Rashes could be a symptom of coronavirus, new research suggests.
KCL scientists looked into data from 336,837 users on its Covid Symptom Tracker app.
Of 27,157 participants who were tested, 7.4% were positive for coronavirus.
And among these patients with Covid-19, 8.8% reported having skin rashes or blotches.
Dr Mario Falchi, who led the study, also noted that the skin problems seem to linger on for more time than typical symptoms.
This is because viruses weaken the immune system and can cause breakouts including rashes, measles or shingles.
Dr Falchi said: “Covid-19 rashes may present in many forms and at different stages of the disease.
“The heterogeneous presentations, the time delay, as well as the focus on severely ill patients during the early phases of the pandemic, led to the skin being overlooked as an important target organ for Covid-19.
“Although, it is less prevalent than fever, it is more specific of Covid-19 and last longer.”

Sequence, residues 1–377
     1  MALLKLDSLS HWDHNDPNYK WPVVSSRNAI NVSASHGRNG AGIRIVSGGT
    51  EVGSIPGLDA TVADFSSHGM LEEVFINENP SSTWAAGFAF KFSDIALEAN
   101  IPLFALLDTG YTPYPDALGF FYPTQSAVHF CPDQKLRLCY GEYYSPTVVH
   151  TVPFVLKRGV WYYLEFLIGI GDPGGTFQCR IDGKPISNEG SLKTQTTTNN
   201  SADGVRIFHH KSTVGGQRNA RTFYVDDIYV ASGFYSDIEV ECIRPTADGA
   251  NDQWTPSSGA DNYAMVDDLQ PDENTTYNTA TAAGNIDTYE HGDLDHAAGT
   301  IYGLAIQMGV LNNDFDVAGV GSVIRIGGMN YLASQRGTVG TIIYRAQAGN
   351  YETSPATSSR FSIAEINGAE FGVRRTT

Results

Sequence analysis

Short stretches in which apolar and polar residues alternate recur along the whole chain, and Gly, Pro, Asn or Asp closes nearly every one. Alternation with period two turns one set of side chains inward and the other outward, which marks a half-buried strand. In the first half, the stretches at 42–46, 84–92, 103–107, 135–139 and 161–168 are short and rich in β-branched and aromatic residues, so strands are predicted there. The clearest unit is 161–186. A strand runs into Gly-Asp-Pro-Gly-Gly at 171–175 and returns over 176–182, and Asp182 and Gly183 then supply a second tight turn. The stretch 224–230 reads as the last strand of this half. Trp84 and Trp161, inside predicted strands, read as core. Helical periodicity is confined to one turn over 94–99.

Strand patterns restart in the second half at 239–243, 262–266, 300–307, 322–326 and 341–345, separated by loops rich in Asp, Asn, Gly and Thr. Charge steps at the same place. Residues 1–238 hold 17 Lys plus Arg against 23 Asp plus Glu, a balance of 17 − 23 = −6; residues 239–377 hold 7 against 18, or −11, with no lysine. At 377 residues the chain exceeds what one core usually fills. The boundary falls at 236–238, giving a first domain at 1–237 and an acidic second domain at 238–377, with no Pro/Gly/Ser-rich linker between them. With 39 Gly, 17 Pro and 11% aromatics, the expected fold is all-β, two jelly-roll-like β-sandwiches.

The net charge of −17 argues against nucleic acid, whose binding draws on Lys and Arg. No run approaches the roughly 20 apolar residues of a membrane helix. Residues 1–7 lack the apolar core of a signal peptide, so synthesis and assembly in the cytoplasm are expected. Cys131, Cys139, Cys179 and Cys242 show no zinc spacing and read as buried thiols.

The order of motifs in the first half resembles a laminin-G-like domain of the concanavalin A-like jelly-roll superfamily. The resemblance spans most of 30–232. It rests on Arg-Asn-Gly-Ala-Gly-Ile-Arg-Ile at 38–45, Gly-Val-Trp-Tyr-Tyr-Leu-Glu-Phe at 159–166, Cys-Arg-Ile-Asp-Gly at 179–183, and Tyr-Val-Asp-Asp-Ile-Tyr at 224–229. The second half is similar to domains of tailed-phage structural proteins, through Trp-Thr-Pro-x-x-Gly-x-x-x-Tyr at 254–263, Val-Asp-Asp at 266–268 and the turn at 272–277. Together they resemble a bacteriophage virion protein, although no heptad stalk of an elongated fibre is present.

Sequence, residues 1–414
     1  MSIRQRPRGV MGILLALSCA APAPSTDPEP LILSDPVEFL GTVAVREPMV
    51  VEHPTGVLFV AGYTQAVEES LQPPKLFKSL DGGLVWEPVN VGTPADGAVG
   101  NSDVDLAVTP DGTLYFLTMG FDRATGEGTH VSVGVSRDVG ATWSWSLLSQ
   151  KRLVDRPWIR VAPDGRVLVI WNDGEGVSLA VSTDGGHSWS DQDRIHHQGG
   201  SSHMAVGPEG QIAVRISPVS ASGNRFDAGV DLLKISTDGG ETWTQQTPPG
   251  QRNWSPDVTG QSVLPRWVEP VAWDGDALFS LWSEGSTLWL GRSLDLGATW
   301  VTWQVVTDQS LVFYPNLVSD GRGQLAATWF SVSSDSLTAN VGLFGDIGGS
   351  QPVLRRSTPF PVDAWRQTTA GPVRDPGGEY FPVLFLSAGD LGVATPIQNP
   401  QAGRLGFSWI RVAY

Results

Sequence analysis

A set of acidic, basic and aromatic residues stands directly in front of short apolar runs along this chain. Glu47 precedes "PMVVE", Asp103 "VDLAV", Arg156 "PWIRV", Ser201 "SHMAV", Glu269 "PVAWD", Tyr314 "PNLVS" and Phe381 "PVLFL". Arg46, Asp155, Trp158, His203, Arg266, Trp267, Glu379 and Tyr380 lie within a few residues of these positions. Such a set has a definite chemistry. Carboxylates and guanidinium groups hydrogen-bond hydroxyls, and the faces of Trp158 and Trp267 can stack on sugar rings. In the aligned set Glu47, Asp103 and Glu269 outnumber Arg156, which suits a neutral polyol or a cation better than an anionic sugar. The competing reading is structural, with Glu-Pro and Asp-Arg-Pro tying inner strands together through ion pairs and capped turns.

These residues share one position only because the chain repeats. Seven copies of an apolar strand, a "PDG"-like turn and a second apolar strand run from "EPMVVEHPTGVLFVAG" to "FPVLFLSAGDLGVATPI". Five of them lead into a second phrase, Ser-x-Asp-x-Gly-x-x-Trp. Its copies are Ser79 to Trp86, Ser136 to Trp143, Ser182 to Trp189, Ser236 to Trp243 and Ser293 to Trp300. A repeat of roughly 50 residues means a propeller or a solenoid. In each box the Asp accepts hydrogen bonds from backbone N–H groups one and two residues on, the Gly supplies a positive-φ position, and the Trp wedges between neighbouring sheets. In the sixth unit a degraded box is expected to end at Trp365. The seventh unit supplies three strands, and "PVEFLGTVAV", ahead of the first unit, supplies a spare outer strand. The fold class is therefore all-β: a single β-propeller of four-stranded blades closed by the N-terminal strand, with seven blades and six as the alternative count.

The doctor hopes the study will raise awareness for the potential symptom.
He added: “An increased awareness from the public and healthcare professionals regarding Covid-19 skin changes will allow more efficient identification of new and earlier clusters of the disease.”
The NHS doesn’t list skin rashes as one of the “main symptoms” of coronavirus.
Instead, it asks Brits to look out for the following warning signs:
- a high temperature – this means you feel hot to touch on your chest or back (you do not need to measure your temperature)
- a new, continuous cough – this means coughing a lot for more than an hour, or 3 or more coughing episodes in 24 hours (if you usually have a cough, it may be worse than usual)
- a loss or change to your sense of smell or taste – this means you’ve noticed you cannot smell or taste anything, or things smell or taste different to normal
Some people are asymptomatic, which means they show know signs of Covid-19 at all.
For this reason, it’s important that we all stick to social distancing guidelines to slow the spread of the virus.
For more information, visit the NHS website.